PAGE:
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In the Name of the Father and the Son and the Wholly Owned Subsidiary

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This is not the sort of retirement the Gilmores had planned.
"The thing," says Jesse, "that runs through my heart and head is, 'Jesse, you made a lousy deal. How are you going to recover your money?'"

Eighty-eight-year-old Lonnie Davis believes he has strayed from the path God intended him to take.

He feels imprisoned in the north Phoenix "garden home" he and his wife purchased in 1987, thinking they were making a good investment in the retirement village for elderly Christians. The man who sold them on the idea was a Baptist minister, for heaven's sake.

"I think the Lord has told me a lot of things without words," Lonnie says. "I think the Lord didn't want us here, we weren't meant to be here and that's why all of this happened to us."

His wife, Lena, 83, pats her husband's knee to soothe him.
"Now Lonnie, the Bible says all things work together for good to those who love the Lord," she says.

Their little residence is crammed with artifacts of their 61 years together--pictures of Jesus, portraits of children, a cuckoo clock, a copper kettle, a crystal candy dish.

Lena still plays her piano, and Lonnie still belts out tunes he learned in the dance halls in the days before he found Jesus.

They've had a good life, they say--until they moved to the retirement community.

"We should never have come here," Lonnie says again. "I loved our old place. It had fruit trees and everything." The Davises trusted the Reverend Robert Lindstrom when they paid $63,000 for their two-bedroom residence at Paradise Valley Estates. The pastor had assured them they were making a good investment that would appreciate.

Lonnie reluctantly moved out of the couple's east Phoenix home, said goodbye to his fruit trees and carted his tools to the retirement center's woodworking shop. A natural handyman, he kept himself busy by helping other residents fix up their places.

Lonnie and Lena never dreamed of suing anyone, let alone a bunch of ministers. But they joined the Gilmores and other residents in the 1995 lawsuit.

They never would have chosen to live at Baptist Village, they say, if they'd been told the company building the retirement center was insolvent. Or if they'd been told they didn't actually own their residence.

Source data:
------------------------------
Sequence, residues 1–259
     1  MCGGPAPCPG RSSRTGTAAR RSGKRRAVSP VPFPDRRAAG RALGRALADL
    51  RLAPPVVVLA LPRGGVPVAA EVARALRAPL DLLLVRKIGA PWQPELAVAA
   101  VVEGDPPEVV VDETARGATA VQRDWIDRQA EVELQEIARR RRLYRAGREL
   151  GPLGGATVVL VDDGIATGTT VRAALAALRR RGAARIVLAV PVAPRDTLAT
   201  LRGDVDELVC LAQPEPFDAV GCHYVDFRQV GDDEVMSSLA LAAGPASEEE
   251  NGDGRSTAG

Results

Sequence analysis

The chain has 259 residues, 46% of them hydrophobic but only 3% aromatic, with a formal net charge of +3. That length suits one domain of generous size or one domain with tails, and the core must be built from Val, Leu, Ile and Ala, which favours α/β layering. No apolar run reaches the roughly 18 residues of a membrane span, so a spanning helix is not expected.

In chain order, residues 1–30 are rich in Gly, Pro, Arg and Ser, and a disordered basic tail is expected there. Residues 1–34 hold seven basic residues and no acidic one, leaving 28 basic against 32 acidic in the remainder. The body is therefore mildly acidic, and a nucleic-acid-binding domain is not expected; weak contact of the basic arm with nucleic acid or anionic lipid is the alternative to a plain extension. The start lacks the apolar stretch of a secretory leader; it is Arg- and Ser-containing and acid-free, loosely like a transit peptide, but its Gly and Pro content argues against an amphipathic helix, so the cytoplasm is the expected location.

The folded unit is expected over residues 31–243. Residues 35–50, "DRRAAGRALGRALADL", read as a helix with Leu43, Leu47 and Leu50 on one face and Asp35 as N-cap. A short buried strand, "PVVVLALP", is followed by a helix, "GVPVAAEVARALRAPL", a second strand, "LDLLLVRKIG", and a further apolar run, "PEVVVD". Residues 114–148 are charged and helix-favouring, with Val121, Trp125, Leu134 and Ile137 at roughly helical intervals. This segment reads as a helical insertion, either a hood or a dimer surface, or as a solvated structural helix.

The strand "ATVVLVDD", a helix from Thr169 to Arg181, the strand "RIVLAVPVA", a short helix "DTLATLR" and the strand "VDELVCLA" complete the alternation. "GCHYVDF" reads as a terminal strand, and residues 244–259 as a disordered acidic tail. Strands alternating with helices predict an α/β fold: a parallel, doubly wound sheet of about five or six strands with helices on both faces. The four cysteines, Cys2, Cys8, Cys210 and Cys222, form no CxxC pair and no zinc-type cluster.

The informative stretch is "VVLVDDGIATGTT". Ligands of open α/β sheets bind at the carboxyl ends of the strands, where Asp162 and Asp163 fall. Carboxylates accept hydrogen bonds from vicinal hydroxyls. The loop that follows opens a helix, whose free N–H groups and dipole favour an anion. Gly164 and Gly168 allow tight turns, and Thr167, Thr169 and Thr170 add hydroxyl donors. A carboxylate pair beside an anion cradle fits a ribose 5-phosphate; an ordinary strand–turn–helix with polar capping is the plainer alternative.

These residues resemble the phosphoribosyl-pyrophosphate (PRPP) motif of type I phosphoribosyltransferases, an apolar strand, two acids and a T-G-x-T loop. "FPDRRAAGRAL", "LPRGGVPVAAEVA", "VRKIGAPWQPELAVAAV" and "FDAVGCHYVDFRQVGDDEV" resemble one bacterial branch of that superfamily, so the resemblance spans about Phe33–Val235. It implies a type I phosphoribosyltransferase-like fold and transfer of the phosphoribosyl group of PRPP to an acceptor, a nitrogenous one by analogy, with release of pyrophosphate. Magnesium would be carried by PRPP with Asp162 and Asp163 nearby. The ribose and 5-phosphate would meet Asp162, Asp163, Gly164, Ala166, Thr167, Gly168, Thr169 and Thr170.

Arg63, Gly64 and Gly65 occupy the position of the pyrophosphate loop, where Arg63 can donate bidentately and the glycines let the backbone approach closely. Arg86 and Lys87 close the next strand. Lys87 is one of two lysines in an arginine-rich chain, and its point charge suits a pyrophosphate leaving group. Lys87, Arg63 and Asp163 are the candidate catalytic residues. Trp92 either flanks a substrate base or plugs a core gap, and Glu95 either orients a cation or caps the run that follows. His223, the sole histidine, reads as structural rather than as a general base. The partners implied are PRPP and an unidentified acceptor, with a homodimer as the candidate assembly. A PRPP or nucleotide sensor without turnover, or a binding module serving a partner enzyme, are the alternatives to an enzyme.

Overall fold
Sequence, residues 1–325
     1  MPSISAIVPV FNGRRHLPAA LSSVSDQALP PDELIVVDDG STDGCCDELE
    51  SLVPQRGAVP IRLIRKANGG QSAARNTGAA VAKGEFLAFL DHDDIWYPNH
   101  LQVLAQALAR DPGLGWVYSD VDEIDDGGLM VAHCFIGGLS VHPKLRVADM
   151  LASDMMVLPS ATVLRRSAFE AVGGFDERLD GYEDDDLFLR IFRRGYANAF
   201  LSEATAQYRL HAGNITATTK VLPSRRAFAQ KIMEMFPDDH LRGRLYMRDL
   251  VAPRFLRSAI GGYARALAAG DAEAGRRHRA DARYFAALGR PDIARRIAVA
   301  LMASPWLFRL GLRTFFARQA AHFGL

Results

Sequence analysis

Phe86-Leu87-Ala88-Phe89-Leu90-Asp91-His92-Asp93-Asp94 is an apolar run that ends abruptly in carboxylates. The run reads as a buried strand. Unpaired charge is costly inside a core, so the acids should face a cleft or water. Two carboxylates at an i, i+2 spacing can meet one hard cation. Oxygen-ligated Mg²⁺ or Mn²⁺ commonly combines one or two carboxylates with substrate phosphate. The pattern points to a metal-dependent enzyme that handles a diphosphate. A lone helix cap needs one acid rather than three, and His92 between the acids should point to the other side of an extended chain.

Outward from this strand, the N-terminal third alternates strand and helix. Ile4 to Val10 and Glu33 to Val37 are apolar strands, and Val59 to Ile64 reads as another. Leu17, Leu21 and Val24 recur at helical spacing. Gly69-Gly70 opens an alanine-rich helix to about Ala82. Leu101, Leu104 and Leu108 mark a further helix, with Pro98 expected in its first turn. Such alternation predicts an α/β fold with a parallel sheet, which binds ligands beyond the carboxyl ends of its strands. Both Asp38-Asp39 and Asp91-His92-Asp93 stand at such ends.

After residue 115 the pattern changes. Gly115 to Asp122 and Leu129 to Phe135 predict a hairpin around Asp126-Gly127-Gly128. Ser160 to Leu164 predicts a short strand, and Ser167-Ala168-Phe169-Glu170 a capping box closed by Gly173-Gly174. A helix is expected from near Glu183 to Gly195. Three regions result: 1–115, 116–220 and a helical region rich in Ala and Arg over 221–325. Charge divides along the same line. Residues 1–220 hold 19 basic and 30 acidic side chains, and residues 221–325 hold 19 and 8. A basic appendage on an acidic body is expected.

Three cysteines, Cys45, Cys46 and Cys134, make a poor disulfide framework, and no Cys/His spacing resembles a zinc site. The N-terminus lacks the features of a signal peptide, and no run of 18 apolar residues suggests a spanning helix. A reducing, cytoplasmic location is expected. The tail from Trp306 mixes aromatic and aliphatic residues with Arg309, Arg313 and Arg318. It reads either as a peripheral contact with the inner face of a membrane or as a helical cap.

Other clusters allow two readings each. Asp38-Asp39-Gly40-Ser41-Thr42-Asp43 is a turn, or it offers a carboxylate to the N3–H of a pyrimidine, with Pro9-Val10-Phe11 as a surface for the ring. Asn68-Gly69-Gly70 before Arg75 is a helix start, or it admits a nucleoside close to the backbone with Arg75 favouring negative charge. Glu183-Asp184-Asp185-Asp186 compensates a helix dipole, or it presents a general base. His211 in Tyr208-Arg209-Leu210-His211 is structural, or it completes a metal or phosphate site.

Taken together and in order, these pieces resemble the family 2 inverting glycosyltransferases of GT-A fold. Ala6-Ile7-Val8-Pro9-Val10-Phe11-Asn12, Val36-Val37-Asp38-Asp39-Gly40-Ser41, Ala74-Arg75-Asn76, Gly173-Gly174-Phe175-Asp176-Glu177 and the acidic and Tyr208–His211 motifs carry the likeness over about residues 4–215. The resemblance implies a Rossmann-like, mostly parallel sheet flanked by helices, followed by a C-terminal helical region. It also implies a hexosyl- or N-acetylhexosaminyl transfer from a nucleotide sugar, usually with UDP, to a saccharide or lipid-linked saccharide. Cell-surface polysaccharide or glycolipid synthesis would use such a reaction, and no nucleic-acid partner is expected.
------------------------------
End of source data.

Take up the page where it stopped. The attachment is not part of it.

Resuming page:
They are appalled that no representative of the church has ever expressed remorse for what has happened.

The Davises want to move in with their daughter in Sun City, but they have only social security income and no savings other than the money they paid for their unit. And the units aren't exactly liquid assets.

They see the lawsuit as their only hope, but they wonder if it will be settled during their lifetimes.

Since they've filed suit, they say, they've felt unwelcome. It's not the other residents, Lena says, it's subtle actions taken by the management (an accusation Southern Baptist representatives deny). For example, Lonnie was warned not to park his golf cart by the woodworking shop, not to help other residents with fix-it projects. And Lena was enraged when the new owners told her and others to remove her plants and outdoor furniture from her front porch. She defied the order.

"How can they treat old people this way?" Lena asks. "This is supposed to be our home."

After their children grew up, Paula and Tom Mentis decided to try out retirement living. Because Paula is an Assembly of God minister and both are devout Christians, Paradise Valley Estates appealed to them. They sold their house for about $105,000.

In March 1994, they believed Whitney Benson, a salesman who told them they were purchasing two "condo-type" units for $105,000--one unit for Paula's mother and the other for Tom and Paula. Because the Mentises are relatively "young"--Tom is 69 and Paula is 63--they figured they'd sell their unit if they didn't like the lifestyle.

When the retirement center was sold to the Southern Baptists in 1995, the Mentises say they approached the new owners and asked how to go about selling their "condo-type unit." They thought they could live in the unit until they recovered their money, much like they had sold their previous home.

"You can't sell it," they remember the man saying. "You don't own it."
"It was like someone had handed down a jail sentence," says Paula.
"We can't sell it and they won't sell it."

The salesman, Whitney Benson, was also apparently deceived. In a sworn affidavit, Benson said in 1995 that his boss, the Reverend Edward L. Mitchell, instructed him to tell buyers that the complex was "debt free, that a buyer or buyers were buying a condominium type residence which, after being vacated by an owner or owners would be re-sold by Arizona Baptist Retirement Services. . . . I was never told that a buyer owned nothing nor did any of the sales literature or contract so state. . . . I was not told that the Arizona Baptist Retirement Services was in default on more than $2,500,000 of bonds which were not subject to then pending litigation. . . . I had no knowledge of any inquiry, investigation or any other activity by the Arizona Corporation Commission as to Arizona Baptist Retirement Services . . ."

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Terry Greene Sterling